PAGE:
Cal State East Bay President Leroy M. Morishita was proud to welcome members of the Henrietta Lacks Family to the Hayward Campus on Monday, Feb. 17. He is shown here with Ms. Lacks' grandchildren Kim Lacks and David Lacks, Jr.
As part of the kickoff for Cal State East Bay's "Week of Inclusive Excellence," members of Henrietta Lacks' family visited the university's Hayward Campus on Monday.
Two members of the family -- Kim Lacks and David Lacks, Jr. -- spoke to a campus community audience on Monday evening (Feb. 17) to further expand on the story told in the New York Times "best-selling" book, "The Immortal Life of Henrietta Lacks."
Before being hosted for lunch by the university Monday afternoon, CSUEB President Leroy M. Morishita had a private meeting with the Lacks family members in his office.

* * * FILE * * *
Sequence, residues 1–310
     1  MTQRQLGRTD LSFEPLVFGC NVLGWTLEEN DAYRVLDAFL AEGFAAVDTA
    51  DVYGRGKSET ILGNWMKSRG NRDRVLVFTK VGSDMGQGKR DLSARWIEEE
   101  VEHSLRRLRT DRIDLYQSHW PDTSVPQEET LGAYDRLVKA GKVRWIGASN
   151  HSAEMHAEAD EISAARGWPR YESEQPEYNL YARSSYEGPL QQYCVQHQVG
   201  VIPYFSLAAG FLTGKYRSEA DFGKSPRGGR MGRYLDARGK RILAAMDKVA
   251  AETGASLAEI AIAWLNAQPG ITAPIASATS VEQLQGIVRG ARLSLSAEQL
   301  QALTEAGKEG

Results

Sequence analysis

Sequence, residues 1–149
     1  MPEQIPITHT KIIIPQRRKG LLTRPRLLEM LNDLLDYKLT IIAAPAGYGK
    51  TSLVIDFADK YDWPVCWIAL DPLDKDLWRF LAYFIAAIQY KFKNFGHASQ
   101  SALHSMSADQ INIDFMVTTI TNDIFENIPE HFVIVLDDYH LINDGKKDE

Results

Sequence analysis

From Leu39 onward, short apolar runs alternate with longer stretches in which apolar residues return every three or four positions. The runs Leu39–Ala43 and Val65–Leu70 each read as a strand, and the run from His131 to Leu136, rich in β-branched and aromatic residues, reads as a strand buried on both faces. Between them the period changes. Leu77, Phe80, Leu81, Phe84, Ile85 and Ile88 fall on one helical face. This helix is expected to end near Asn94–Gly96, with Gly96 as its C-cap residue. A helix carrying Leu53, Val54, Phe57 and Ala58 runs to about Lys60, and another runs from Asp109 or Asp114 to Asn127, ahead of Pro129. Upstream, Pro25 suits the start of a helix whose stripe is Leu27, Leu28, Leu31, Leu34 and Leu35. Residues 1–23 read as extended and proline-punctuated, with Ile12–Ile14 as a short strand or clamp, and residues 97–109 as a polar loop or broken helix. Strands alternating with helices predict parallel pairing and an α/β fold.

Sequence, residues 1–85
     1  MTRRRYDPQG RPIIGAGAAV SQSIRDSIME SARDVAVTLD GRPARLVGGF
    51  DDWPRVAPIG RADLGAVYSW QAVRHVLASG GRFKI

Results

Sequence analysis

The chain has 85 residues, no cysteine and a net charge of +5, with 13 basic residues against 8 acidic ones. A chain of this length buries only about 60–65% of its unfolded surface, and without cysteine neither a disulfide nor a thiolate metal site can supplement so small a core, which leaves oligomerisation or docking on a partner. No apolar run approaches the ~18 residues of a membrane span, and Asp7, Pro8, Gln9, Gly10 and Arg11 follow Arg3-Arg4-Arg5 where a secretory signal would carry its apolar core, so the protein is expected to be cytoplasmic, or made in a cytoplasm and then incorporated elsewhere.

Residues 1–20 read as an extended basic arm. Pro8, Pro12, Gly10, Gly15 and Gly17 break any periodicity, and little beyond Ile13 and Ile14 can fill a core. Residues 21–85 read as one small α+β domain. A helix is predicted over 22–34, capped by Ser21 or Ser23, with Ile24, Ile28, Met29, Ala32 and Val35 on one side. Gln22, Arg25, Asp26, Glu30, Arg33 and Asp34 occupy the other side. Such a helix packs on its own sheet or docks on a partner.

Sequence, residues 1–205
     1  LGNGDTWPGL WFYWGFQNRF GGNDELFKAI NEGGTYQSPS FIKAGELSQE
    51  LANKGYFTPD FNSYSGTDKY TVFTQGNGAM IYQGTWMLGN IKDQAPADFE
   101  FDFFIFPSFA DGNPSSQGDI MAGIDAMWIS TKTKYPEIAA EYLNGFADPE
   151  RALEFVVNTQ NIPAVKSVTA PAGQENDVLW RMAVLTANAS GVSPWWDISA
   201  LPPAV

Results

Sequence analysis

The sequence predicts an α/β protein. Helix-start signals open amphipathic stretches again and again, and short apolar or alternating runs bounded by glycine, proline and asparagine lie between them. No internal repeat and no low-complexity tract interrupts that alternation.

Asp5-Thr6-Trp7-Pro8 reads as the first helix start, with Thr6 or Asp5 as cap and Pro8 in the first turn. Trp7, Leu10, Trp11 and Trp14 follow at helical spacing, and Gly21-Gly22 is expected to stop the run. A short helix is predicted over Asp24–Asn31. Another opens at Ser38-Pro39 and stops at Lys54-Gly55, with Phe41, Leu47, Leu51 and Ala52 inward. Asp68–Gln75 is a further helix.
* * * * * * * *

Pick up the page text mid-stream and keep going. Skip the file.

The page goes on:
Henrietta Lacks was a poor black tobacco farmer whose cells, taken without her knowledge in 1951, went on to become the first immortal human ever grown in the laboratory. Those cells, nicknamed HeLa, became one of the most important tools in modern medicine, vital for developing the polio vaccine, cloning, gene mapping, in vitro fertilization, and more. Though she died in 1951, her cells -- alive and growing to this day -- are still the most widely used cell line in the world.
Members of the Lacks family have been fascinating audiences at unmiversities and libraries throughout the United States, talking about Henrietta Lacks and her important contributions to science. The international success of the book written by Rebecca Skloot has interested milions of readers in Ms. Lacks, her legacy, as well as her family. The Lacks family didn't find out until the 1970s that the cells existed.
While her cells have helped biotech companies make millions of dollars, her family has never benefited from the commercialization of HeLa cells. Despite what they has endured, the Lacks family say they are proud to honor the memory of Henrietta and her unparalleled contributions to science.
-- Barry Zepel